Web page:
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Food for thought in the business of doing good

Commercially viable businesses focused on doing good operate in an area traditionally filled by charities. However, a disconnect between business and charity could be leaving some needy children’s school lunchboxes empty. Farah Hancock reports.

The response to a ‘Lobby your MP’ challenge Eat My Lunch posted on Facebook was not what they expected.

“Morning ladies and gents”, their open letter to members of Parliament read.

“Child poverty is one of New Zealand’s most pressing issues and it’s time we delved into it. We gather you’re not ones to turn down a decent meal, so here’s a little food for thought – and don’t worry you don’t have to pass a pesky bill. In fact, you barely have to lift a fork. Just order your lunch from Eat my Lunch.”

Facebook users were quick to point out passing pesky bills was exactly what needed to be done to tackle child poverty and lobbying should be done for real change, not spare change.

Others questioned whether hungry children were being used as a marketing tool to drum up business.

Eat my Lunch operates as a social enterprise. Their trademarked slogan, Buy One. Give One is how the company promotes itself. Buy a lunch for yourself and another lunch is given to a school child in need.

The founder of Eat My Lunch, Lisa King, says the intention of the Lobby your MP campaign was to highlight the milestone of giving away 500,000 lunches to school children since she began the company two years ago.

“I was personally upset that anyone got offended. We definitely believe fundamental change does come from legislation and policies. It didn’t even enter our minds that people would have thought that suggesting buying a lunch could solve poverty.”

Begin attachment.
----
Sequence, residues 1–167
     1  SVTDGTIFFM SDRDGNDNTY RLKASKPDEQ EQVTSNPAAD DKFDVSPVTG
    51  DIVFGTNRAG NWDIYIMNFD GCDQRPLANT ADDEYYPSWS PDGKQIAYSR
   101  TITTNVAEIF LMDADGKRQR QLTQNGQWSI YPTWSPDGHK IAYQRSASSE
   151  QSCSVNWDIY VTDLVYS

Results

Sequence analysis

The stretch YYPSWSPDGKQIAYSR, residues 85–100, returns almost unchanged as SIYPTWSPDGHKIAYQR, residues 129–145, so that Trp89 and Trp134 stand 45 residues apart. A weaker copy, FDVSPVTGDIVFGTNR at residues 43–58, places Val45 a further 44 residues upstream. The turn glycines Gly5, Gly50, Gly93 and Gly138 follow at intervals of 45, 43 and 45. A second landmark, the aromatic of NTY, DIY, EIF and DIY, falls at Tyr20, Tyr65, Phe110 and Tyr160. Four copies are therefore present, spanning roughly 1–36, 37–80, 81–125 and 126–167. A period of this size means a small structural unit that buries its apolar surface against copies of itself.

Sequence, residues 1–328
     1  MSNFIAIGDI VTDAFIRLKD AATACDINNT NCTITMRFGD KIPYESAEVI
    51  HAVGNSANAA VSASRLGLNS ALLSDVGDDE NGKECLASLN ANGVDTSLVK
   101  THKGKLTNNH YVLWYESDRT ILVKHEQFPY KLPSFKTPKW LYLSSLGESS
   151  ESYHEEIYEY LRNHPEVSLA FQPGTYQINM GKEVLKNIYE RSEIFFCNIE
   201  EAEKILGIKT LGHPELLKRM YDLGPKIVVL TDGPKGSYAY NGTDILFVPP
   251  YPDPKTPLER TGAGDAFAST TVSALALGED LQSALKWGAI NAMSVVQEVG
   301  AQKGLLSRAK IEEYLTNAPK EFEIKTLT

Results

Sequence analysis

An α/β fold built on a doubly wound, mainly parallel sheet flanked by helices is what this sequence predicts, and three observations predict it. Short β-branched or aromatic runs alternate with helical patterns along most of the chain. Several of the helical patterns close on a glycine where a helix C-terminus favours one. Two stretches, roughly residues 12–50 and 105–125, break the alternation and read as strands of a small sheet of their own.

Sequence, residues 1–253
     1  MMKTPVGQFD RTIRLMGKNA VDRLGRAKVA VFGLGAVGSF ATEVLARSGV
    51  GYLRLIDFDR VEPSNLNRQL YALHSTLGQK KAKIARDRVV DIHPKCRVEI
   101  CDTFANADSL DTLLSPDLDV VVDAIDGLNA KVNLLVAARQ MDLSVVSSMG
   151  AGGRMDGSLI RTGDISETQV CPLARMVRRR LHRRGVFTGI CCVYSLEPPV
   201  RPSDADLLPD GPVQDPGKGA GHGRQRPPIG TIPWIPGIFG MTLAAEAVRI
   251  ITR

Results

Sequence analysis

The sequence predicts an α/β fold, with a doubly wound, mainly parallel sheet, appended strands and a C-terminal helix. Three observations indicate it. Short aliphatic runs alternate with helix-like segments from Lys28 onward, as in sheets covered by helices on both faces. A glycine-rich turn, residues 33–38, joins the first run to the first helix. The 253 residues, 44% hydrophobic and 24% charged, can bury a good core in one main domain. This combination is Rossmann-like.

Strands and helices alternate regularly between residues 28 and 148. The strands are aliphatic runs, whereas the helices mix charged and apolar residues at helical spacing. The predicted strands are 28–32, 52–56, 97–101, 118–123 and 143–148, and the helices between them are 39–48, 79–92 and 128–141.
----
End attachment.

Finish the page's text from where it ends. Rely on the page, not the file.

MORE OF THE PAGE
King was inspired to start Eat My Lunch after watching a Campbell Live show which compared the lunchboxes of decile one students to decile 10. The decile one students had poor quality lunches or no lunch at all. 

“I was really shocked by it, that this is actually happening here in New Zealand. As a mum with two young kids I just wanted to do something about it. I had the urge to take some action, rather than just talk about it."

She says social enterprises need to be commercially viable in order to do good.

“As a business, you have to apply good business principles, such as marketing, sales – all the basics of running a good business to ensure we’re feeding more and more kids.”

For Eat My Lunch, the focus is to be self-sustaining. King never wants to withdraw their services from a school because of a lack of funds.

“I think that’s the danger of being a charity, you are so reliant on donations and funding and grants, and when those are withdrawn, pretty much all your good work has to stop.”

King has a point. New Zealand’s largest foodbank, 0800 Hungry, has operated since 2001. This week it faces closure unless it pays $30,000 in rent by Thursday.

Operating in an area traditionally filled by charities, the presence of social enterprises can cause tension. A Council for International Development report shows New Zealanders spend 15 percent less on donations to charities than they did 10 years ago.

While social enterprises might be gaining some of the donations it's not just lost money charities are worried about. Overlap of services are also a concern.

Massey University’s Dr Jeff Stangl researches social enterprises. He says duplicating effort where there are limited resources defeats a social enterprise’s purpose.